Grilling Mistakes to Avoid to Stay Healthy and Safe
Nothing is more quintessentially American than firing up the grill for a big summer backyard barbecue or fixing a family dinner on the deck. Grill safety is important to keep in mind from properly using a hot grill to cooking meat in a way that prevents health risks. Here are some grilling mistakes to avoid to stay healthy and safe.
Risks with Charcoal and Gas Grills
There are risks for users of both charcoal and gas grills, but with a little prevention and an eye toward safety, those risks can be lessened. Here are some of the risks according to the National Fire Prevention Association:
- An average of nearly 20,000 people each year are treated in hospital emergency rooms because of grill-related injuries. Almost half of those were burn injuries.
- The most grill fires occur in the month of July, followed by June, May and August.
- Children younger than five years old account for about 40% of grill-related contact burns from a hot grill or coals.
- Gas grills cause nearly 9,000 fires each year.
- Charcoal or solid-fuel grills cause 1,300 fires each year.
Safety Tips for Grilling
Try the following precautions:
- Have a fire extinguisher on hand.
- Keep small children away from grills while in use.
- Keep the grill away from the house or garage.
- Use the correct tools to handle food on the grill.
Risks When Grilling Meat
When meat is grilled or cooked in a specific way, it can do more than just turn the meat from raw to well-done. According to the National Cancer Institute, there are chemicals known to form in meat when cooked using high-temperature methods, like grilling directly over an open flame or frying meat in a pan over high heat. Beef, pork, poultry and fish can all produce these chemicals, which can cause changes in DNA and may increase the risk for cancer when consumed. The chemicals are:
- Heterocyclic amines (HCAs): These form when meat is cooked at high temperatures, especially in meat cooked at more than 300 degrees F. Meats that are well-done, grilled or barbecued all have been found to have high concentrations of HCAs.
- Polycyclic aromatic hydrocarbons (PAHs): These form when juices or fat from cooking meat drip into a fire or onto a hot surface, creating smoke and flames. The smoke, which contains the PAHs, then clings to the meat’s surface. These can also form when meat is smoked.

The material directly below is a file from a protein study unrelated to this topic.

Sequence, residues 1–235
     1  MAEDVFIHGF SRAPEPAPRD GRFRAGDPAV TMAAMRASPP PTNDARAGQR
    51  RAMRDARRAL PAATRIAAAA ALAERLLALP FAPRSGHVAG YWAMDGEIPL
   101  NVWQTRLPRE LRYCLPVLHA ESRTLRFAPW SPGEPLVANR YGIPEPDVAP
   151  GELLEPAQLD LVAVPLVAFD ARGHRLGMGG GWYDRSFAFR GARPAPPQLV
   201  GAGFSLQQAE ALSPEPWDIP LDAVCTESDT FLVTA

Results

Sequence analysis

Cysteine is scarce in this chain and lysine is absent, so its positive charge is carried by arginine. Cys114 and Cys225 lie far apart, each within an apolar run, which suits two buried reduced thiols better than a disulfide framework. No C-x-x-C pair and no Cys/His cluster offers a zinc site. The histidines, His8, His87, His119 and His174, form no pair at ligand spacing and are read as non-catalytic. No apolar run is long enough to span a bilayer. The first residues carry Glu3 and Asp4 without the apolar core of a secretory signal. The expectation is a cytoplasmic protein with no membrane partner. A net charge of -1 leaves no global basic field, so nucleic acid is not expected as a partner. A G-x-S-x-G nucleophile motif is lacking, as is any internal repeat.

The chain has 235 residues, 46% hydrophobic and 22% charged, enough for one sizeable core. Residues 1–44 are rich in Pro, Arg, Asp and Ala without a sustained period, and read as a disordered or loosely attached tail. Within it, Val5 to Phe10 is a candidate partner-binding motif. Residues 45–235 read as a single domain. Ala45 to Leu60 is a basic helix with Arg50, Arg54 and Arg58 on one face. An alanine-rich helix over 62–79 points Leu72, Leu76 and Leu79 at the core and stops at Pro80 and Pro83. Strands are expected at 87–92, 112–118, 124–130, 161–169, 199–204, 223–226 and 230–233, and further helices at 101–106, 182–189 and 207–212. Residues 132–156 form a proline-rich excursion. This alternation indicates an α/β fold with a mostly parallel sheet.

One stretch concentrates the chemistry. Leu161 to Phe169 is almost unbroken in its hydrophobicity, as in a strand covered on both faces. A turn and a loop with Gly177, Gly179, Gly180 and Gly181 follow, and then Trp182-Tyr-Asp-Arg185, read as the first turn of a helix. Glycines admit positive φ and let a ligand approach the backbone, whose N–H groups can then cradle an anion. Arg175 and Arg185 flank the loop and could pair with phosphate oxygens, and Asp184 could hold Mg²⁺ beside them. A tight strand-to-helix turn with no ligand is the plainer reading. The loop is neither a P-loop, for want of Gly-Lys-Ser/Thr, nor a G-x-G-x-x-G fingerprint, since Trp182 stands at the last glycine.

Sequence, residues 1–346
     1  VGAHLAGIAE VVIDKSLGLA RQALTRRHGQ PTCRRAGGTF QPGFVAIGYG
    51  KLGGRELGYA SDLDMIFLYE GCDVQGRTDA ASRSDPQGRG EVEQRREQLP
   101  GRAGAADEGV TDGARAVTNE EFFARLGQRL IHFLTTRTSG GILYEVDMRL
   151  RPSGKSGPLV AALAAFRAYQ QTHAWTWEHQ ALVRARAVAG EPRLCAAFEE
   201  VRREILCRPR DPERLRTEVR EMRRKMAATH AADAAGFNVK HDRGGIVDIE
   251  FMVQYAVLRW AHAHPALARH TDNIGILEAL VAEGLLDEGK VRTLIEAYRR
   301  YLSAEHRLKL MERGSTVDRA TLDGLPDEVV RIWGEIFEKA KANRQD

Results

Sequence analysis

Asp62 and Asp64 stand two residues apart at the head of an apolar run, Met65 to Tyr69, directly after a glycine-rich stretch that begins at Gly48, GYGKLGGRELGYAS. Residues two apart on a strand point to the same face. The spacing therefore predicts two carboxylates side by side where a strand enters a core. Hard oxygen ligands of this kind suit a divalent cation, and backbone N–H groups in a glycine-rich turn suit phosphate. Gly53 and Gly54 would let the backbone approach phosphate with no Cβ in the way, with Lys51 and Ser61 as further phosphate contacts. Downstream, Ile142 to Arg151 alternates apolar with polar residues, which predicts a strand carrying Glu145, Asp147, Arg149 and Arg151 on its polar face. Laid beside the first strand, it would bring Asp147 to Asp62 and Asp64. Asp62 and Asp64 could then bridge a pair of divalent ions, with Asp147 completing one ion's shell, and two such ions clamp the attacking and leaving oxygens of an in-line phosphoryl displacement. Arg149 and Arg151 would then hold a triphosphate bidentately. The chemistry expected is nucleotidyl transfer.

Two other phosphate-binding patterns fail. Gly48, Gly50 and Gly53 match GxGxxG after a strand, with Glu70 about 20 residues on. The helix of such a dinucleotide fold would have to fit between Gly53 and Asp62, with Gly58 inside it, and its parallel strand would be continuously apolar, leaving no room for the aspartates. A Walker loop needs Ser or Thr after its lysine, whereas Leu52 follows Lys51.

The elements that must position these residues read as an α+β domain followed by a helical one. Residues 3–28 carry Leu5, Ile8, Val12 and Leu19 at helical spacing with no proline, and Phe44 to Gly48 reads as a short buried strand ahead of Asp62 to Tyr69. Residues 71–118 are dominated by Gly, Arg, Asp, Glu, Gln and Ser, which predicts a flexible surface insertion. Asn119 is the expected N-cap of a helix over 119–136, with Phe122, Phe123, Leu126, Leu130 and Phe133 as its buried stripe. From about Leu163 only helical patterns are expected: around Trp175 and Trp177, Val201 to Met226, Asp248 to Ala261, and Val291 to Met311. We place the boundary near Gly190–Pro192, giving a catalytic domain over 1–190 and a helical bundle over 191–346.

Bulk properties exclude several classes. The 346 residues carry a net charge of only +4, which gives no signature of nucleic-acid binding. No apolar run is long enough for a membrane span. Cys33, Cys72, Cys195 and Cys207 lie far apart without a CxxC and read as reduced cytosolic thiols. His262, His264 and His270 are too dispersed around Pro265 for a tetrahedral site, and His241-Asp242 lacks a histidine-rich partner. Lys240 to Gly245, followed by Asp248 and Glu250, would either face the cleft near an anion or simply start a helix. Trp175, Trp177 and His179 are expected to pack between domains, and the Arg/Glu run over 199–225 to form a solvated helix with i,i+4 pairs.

People can reduce their exposure to HCAs and PAHs by following these tips:
- Avoid prolonged cooking times.
- Don’t directly expose meat to an open flame or hot metal surface over high heat.
- Flip meat often when cooking over a heat source.
- Remove charred portions from meat.
Grilling Ideas Beyond Meat
A large selection of vegetables and even fruits can be grilled to create tasty additions to any meal. Here are some vegetarian options to sear on the grill:
- Bell peppers cut into eighths, seeds and inner membrane removed
- Bunches of romaine lettuce for a Caesar salad
- Marinated tofu
- Peaches cut in half, pits removed
- Small zucchini or yellow squash, sliced in half
- Thick-sliced sweet onions
- Thick-sliced tomatoes
Shanthi Appelö is a registered dietitian and health and wellness spokesperson for Blue Cross Blue Shield of Michigan based in Detroit. Passionate about the science of nutrition and behavior, Shanthi has experience working in clinical nutrition, public health and teaching in the university setting. In her free time, she enjoys experimenting in the kitchen, exploring the outdoors, working on art and spending time with family. For more health tips and information, visit AHealthierMichigan.org.